On Tuesday, June 20, OSHA is set to propose a delay on new requirements for cranes and derricks in the construction industry at a meeting of the Advisory Committee on Construction Safety and Health (ACCSH).
According to the published agenda on the Federal Register, OSHA plans to delay enforcement on both the crane operator certification requirement and extend the existing requirement that employers ensure that crane operators are trained and competent enough to operate the equipment until November 10, 2018.
While the requirement that crane operators receive appropriate certifications to operate the machine on construction sites has been in the OSHA standards (1926.1427) since 2010, the enforcement of the rule has seen several delays. Construction Equipment states that a 3 year extension was granted in 2010 and another 3 year extension after the first expired pushed the enforcement date back to November of 2017.
According to a press release issued by OSHA in 2014, “After publishing the final rule, a number of parties raised concerns about the Standard's requirement to certify operators by type and capacity of crane and questioned whether crane operator certification was sufficient for determining whether an operator could operate their equipment safely on a construction site.”
There is an opportunity to revolutionize the way we protect construction workers from fall hazards while dramatically reducing waste and inefficiency in the construction industry. The Hilmerson Safety Rail System™ was designed and engineered with feedback from industry experts with one goal in mind: Reinvent the guardrail to eliminate inefficiencies, cut costs, send zero waste to landfills, and improve workplace safety.
Contact with overhead power lines is a major hazard when working on most construction sites and especially when working from elevated platforms or with heavy machinery.
Back in September, OSHA issued a Notice of Proposed Rulemaking that would extend the deadline for crane operator certification requirements. Although OSHA 1926.1427 has required crane operators to receive certain certifications to be able to operate the machines since 2010, actual enforcement of that rule has been delayed several times.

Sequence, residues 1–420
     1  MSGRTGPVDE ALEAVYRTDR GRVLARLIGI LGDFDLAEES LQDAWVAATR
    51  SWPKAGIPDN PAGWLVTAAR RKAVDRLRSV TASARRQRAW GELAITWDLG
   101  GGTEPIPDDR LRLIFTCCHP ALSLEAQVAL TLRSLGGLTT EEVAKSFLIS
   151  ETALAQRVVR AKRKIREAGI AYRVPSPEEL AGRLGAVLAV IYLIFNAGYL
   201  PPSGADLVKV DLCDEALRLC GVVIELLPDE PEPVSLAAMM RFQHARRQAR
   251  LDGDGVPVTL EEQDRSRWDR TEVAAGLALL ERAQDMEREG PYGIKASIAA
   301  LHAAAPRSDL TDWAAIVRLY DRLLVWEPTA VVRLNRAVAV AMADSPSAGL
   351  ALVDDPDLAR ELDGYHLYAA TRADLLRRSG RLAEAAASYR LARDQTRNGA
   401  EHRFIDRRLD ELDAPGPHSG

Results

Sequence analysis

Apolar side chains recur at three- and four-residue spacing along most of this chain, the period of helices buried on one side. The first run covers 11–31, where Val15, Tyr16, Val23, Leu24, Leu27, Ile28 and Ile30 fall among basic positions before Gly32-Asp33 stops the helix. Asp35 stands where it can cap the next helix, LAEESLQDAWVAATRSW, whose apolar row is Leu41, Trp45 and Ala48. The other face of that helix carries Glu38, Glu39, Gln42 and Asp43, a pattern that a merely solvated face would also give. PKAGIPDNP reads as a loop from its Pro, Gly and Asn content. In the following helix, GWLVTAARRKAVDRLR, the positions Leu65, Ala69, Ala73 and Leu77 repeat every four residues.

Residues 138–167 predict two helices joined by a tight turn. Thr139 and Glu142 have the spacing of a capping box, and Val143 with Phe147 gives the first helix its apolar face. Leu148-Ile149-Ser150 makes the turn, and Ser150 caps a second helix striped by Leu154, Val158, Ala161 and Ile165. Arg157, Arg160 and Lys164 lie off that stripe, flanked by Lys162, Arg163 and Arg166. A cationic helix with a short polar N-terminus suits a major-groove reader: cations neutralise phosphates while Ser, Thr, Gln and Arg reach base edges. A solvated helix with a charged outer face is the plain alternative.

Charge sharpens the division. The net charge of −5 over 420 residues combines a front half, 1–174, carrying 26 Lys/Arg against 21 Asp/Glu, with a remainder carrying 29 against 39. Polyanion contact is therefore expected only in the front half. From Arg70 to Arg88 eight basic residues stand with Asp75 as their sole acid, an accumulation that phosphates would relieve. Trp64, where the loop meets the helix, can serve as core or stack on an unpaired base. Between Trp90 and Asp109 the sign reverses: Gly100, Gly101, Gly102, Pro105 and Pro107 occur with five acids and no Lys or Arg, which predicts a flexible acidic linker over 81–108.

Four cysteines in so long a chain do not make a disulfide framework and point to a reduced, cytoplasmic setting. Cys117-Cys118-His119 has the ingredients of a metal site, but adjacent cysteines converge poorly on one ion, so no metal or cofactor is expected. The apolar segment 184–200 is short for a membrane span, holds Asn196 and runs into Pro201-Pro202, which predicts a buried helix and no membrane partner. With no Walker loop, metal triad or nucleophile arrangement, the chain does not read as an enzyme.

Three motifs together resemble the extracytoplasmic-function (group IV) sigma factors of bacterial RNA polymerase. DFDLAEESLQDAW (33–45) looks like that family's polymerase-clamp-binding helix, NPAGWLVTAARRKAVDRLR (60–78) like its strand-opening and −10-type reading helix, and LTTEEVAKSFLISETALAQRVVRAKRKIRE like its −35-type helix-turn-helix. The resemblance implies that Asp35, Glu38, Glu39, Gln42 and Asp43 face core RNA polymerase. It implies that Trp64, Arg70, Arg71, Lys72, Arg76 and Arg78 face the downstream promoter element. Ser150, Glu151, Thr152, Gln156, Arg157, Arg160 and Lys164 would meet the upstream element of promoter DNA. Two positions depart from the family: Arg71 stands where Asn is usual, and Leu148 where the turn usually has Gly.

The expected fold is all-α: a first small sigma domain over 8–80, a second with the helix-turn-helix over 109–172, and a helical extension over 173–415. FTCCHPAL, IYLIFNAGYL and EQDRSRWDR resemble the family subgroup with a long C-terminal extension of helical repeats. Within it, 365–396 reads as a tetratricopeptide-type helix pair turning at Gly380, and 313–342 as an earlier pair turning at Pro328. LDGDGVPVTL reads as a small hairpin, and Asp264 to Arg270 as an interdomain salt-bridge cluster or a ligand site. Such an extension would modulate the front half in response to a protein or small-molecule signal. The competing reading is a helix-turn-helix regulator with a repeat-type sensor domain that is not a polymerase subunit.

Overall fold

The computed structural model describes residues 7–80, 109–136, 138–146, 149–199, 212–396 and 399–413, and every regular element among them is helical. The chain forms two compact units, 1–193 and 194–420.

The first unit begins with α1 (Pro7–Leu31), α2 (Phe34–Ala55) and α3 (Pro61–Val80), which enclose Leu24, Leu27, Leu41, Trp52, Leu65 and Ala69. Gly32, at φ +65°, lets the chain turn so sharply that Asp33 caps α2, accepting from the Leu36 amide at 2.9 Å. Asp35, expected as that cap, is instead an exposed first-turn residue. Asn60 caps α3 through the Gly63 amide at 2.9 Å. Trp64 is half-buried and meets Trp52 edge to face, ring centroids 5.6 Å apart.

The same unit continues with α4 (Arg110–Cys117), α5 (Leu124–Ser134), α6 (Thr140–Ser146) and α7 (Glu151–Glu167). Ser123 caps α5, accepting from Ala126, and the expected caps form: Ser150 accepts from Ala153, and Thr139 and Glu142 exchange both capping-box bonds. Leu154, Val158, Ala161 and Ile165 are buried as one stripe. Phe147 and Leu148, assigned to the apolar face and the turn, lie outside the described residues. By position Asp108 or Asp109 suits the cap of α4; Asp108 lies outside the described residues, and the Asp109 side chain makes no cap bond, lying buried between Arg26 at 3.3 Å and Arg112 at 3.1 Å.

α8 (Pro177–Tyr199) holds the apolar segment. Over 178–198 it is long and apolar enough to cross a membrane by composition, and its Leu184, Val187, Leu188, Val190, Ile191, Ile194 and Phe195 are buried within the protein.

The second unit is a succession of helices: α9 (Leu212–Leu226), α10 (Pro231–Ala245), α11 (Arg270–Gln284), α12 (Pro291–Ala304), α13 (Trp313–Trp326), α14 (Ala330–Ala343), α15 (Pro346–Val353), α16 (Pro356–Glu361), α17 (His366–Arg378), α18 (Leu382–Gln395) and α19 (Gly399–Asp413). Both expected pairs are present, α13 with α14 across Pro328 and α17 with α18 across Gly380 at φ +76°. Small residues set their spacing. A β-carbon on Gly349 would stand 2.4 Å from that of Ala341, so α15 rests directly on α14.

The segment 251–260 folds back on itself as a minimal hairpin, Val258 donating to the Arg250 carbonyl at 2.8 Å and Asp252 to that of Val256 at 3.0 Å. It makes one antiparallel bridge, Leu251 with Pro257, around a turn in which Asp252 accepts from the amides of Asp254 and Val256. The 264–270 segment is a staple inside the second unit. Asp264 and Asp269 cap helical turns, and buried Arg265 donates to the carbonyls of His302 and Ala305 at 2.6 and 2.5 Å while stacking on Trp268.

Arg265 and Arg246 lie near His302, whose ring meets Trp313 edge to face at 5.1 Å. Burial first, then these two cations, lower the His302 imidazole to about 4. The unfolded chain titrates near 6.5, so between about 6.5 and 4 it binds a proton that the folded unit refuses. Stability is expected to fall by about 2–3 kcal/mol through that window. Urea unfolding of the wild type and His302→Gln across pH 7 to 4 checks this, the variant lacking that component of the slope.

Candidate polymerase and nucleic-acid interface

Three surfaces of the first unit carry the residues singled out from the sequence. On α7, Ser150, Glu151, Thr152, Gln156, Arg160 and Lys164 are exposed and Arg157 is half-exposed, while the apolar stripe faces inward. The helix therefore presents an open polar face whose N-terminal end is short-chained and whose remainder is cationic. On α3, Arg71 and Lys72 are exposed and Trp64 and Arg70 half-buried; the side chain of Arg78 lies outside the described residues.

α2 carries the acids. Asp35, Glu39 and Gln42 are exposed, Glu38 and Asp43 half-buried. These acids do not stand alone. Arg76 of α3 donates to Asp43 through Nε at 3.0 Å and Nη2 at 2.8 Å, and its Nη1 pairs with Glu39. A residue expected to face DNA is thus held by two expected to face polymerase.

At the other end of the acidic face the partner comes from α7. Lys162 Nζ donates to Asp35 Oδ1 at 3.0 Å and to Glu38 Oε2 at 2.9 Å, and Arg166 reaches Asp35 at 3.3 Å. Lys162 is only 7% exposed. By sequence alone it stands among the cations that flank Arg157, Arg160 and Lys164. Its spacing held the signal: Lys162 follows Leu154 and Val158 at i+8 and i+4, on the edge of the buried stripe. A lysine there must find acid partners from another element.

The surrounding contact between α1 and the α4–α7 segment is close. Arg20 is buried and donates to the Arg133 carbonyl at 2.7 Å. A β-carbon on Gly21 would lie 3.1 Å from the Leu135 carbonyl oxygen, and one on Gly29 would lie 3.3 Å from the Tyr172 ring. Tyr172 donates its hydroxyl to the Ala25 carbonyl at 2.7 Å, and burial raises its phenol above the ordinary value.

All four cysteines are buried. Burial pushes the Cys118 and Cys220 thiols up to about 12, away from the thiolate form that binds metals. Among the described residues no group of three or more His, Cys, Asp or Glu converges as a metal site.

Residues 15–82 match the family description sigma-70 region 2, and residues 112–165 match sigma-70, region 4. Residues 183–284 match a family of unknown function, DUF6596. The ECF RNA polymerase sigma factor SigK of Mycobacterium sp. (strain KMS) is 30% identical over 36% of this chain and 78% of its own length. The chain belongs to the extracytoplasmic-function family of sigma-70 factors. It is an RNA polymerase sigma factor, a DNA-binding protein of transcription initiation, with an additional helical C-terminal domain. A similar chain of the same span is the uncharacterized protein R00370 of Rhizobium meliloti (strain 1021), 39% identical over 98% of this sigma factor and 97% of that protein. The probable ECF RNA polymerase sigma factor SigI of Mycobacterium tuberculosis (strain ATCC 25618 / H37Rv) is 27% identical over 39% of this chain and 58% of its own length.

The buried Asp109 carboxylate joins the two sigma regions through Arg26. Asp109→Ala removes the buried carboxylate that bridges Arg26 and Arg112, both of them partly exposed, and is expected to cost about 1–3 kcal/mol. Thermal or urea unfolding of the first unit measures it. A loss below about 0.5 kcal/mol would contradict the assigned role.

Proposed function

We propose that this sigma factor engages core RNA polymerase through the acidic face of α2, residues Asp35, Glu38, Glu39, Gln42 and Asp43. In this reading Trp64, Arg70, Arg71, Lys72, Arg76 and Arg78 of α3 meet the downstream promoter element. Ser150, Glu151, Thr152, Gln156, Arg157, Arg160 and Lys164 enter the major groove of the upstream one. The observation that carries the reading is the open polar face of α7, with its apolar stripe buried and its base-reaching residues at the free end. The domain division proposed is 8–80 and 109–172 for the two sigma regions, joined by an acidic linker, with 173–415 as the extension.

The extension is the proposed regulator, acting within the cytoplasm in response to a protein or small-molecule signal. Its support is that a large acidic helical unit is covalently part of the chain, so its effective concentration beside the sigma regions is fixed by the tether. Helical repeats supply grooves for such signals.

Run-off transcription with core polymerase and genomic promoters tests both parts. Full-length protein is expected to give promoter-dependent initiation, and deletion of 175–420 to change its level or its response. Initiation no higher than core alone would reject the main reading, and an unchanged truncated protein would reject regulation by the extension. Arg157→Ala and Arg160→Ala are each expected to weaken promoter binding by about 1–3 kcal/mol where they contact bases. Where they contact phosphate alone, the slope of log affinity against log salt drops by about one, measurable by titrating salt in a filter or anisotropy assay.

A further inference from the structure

In most aspects of construction, communication and training is absolutely key to running a successful project and business. That is especially true when it comes to safety on the job site. One of the most popular ways of communicating safety hazards to the field staff is through tool box talks.
As annoying as it may be to deal with sometimes, there is a good reason why trucks carrying oversized loads have spotters and flaggers. We’ve seen the worst of what can happen when the spotter fails to alert truck drivers in time, like the one that caused a 2013 Washington State bridge collapse, so it’s better to be safe than sorry.
Just one day after Mayor Bill de Blasio signed a new law requiring at least 40 hours of safety training for all 185,000 of the city’s construction workers, a partial roof collapse at a Brooklyn construction site left 6 workers injured, 2 of them serious.
Concrete is an extremely strong building material, but has a notoriously weak tensile strength. In order to resist tension, bending, and shear forces, steel rebar or other reinforcement materials are added either prior to the placement or into the mix. Even with reinforcement, concrete is still extremely rigid and prone to cracking. In the event of a major earthquake, the uneven and horizontal forces can cause structures to crack and, in the worst case, cause failure.
Construction Safety is talked about constantly. There are many construction companies that take it very seriously. There are also many that don’t. All will say it’s their top priority.
So what can a city do that’s facing regular worker deaths and increases in workplace injuries? New York City has decided to require extensive safety training for all of the 185,000 construction workers in the city.
According to the Workzonesafety.com, nearly half (46%) of all work zone-associated worker fatalities from 2003-2010 were caused by being struck by a vehicle. Surprisingly, only around 2% of those workers were killed by a drunk driver. From 2003 to 2015 (the last year this data was updated), a total of 1324 work zone fatalities have been recorded, which averages to about 102 per year.
Residents living near a Jersey City, New Jersey construction site were frightened as they watched “explosions” of smoke coming out of holes in the ground.